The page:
The man was grey-haired and bearded, though wearing a look that said he wasn’t much slowed down by it. He had come from the staff area behind the sleek counter, so he wasn’t just a visitor like she was. Lorelea nodded cautiously, making it a brief movement. She wasn’t too surprised he had recognised her. Her long face with its high cheekbones would always give her heritage away to other Clans.
“My grandpa was too. On my father’s side, you understand,” he said.
She did. It meant the connection between them was very loose, not like he was related on his heritage side, the maternal side.
“Nice to meet you,” she said, her tone rising into a question.
“You here alone?”
Never let them think you’ve not got back up. She could almost hear Jaz’s voice in her head.
“Uh—no. Well right now, yes, but I have family in the ‘City.”
The eyes as grey as the hair and beard widened very slightly.
“Strange. I think I’d have heard if any Lastas hit town. Stranger still, I heard you’d parked a ship on your own.
How could he know that?
Lorelea met his gaze with a slight shrug. Suddenly she wasn’t sure what she should share and what she should keep secret. He was Clan, but not her own, and clan feuds and politics could be complex and dangerous. She couldn’t afford to make a mistake.
It’s not something you can do there, Lea, in the ‘City a mistake gets you dead.
“Does it matter?”
“Not really,” he said, his expression caught between amusement and something else—something Lorelea didn’t recognise. “Let me get you a drink on the house and you can tell me what you need. A place to stay? Work?”
All those things seemed to reek of permanence, of staying here indefinitely and something deep inside her revolted at the thought.
“Information,” she said. “I was trying to find someone.”
Lienz leant back and looked appraising as if her admission had changed something very fundamental in their relationship.
“Well, you’ve come to the right person for that. I know just about everyone worth knowing in the ‘City. But you need to be careful who you go asking about, Lorelea Lastas, and who you ask. This isn’t a good place to be asking questions about some people, if you get my meaning.”
She finished eating and pushed the empty away. Avoiding his gaze because his words reminded her of how vulnerable she really was in this place. “Thanks. I’ll have that drink.”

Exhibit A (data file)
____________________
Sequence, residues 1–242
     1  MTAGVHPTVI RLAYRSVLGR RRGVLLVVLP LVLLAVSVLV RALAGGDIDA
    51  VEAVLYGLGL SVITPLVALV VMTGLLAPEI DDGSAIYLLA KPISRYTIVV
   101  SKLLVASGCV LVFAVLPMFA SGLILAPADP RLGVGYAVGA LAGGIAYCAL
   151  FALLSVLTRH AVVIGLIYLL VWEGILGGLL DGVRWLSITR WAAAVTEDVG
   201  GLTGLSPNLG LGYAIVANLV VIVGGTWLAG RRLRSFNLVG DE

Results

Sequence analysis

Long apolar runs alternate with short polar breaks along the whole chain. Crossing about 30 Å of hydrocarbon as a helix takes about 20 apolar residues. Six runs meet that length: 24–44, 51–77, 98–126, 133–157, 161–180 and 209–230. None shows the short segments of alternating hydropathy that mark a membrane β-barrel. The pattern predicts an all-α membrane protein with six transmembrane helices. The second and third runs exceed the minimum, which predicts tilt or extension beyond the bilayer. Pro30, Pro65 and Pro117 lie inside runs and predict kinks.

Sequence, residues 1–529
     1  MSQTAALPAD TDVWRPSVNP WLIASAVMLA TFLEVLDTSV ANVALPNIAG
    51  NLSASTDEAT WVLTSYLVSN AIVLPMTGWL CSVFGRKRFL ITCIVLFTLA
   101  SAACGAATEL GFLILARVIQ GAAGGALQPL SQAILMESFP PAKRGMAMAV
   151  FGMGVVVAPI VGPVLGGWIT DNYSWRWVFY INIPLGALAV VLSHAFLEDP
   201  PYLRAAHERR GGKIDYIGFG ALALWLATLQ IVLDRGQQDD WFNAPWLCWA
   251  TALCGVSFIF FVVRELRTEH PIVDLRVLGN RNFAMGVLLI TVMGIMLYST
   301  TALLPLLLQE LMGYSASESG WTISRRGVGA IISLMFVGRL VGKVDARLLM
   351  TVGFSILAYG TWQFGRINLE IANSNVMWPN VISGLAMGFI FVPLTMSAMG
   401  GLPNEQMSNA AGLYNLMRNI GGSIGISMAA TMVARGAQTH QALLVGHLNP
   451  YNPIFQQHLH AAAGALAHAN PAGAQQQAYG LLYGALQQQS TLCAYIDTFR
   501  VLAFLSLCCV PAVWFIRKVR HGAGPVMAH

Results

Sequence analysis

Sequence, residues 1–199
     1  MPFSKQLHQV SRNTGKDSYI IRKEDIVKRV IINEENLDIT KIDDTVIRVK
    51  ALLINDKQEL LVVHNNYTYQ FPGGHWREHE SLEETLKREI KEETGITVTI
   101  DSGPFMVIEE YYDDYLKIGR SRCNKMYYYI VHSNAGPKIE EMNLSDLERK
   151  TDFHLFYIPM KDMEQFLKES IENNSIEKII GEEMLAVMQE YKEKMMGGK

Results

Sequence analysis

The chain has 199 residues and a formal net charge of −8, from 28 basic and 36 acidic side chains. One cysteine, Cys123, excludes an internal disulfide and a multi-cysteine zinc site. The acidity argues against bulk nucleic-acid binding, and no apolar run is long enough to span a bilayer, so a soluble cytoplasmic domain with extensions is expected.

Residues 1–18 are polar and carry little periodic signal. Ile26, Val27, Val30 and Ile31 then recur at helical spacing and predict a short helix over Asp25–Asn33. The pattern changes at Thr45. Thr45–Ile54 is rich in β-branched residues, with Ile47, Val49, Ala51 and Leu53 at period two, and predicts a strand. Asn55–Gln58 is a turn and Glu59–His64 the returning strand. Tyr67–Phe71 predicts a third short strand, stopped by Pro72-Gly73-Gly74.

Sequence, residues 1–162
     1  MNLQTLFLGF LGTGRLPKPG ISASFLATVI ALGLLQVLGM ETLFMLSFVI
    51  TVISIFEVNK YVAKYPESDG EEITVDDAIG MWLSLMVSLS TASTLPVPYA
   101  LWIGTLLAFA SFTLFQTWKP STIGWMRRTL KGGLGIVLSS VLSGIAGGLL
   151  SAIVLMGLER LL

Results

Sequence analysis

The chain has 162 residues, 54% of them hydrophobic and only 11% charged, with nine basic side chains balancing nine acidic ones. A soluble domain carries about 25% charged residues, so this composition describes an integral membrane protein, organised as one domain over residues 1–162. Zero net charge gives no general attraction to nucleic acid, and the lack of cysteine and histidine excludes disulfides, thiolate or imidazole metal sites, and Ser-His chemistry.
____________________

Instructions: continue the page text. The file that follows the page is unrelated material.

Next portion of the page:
Lienz made a gesture and a young man came running from behind the counter, a tattoo clear on his forearm. A Clan tattoo. Mendive. Lorelea felt her heart pick up a little and wished she knew more about current clan politics. She had no idea if Lastas and Mendive were on good terms or not. There had been a feud, she knew, but that was when she was a child. A lot could have changed since then.
She let Lienz order the drinks and wondered if she had been as clever to come here as she had believed. The older man might have read her thoughts, or perhaps he had seen her react to the clan mark on the youngster who served them.
“In the ‘City we have enough other problems than to go fretting around over Clan history, you know. We’re all blood if we go back far enough and here, well, that counts for a bit more than any daft family arguments.”
His smile was reassuring, but she still wondered if he was just saying the words or if he really meant them.
“Even if so—I…”
“We’re cousins, Lorelea. I’ve Lastas blood in my veins.” He smiled at her and raised his drink in a silent toast. Outsider style. She felt a release of tension she hadn’t realised she held. He had claimed her as kin—family. Clan. Despite herself, she returned his smile.
“Thank you,” she said.
“Welcome. Now, what are you doing here on your own? I had heard your people had pretty much settled in the same place the last thirty odd years or more. ”
“Like I said. I need to find someone.”
The steady gaze seemed to harden slightly, but not at her—more on her account.
“Someone hurt you?”
She shook her head quickly, annoyed he could see.
“No. This is a friend. He may be in trouble.”
Again, she felt the weighing judgement of Lienz’s eyes. It was as if for every word she spoke he was reading another half-hundred behind.
“This isn’t a good place to be in trouble,” he said, after a few moments. “I think you don’t want to get this friend of yours into any more so won’t tell me his name until you trust me some. Which is a shame as trouble often moves fast in the ‘City.”
“I don’t even know for sure he is here.” Lorelea could hear the defensive protest in her own voice. Lienz was right though. Both that she didn’t fully trust him and that she probably needed to. Needed to be able to trust him, at least.
Lienz sighed and offered a wan smile.
“Some people make life hard for themselves,” he said. “Alright, You need a place to stay, and I have an apartment needs someone to live in it. No charge. I can get you work too if you want. Decent pay. Or if you’re willing to hire out your ship, you can sit back and count the credits.”
“It’s Clan property,” she lied. “If it flies, I’m aboard.”
“Fair enough,” Lienz conceded easily, “but what about the rest?”
Lorelea hesitated. She knew he was right. She would have to face up to the fact that this was going to take time, and she needed to plan for that. He had already claimed her as both Clan and kin which meant a lot as it placed on him—on them both—duties of tradition. His offer was generous, and if the search took longer than she originally thought, she would be glad of any work he could put her way. With a strange sense of reluctance, even though it made solid sense, she gave a nod.
“Alright. That’s kind.”
Lienz smiled again.
“You’re Clan. And you can owe me a favour for it.”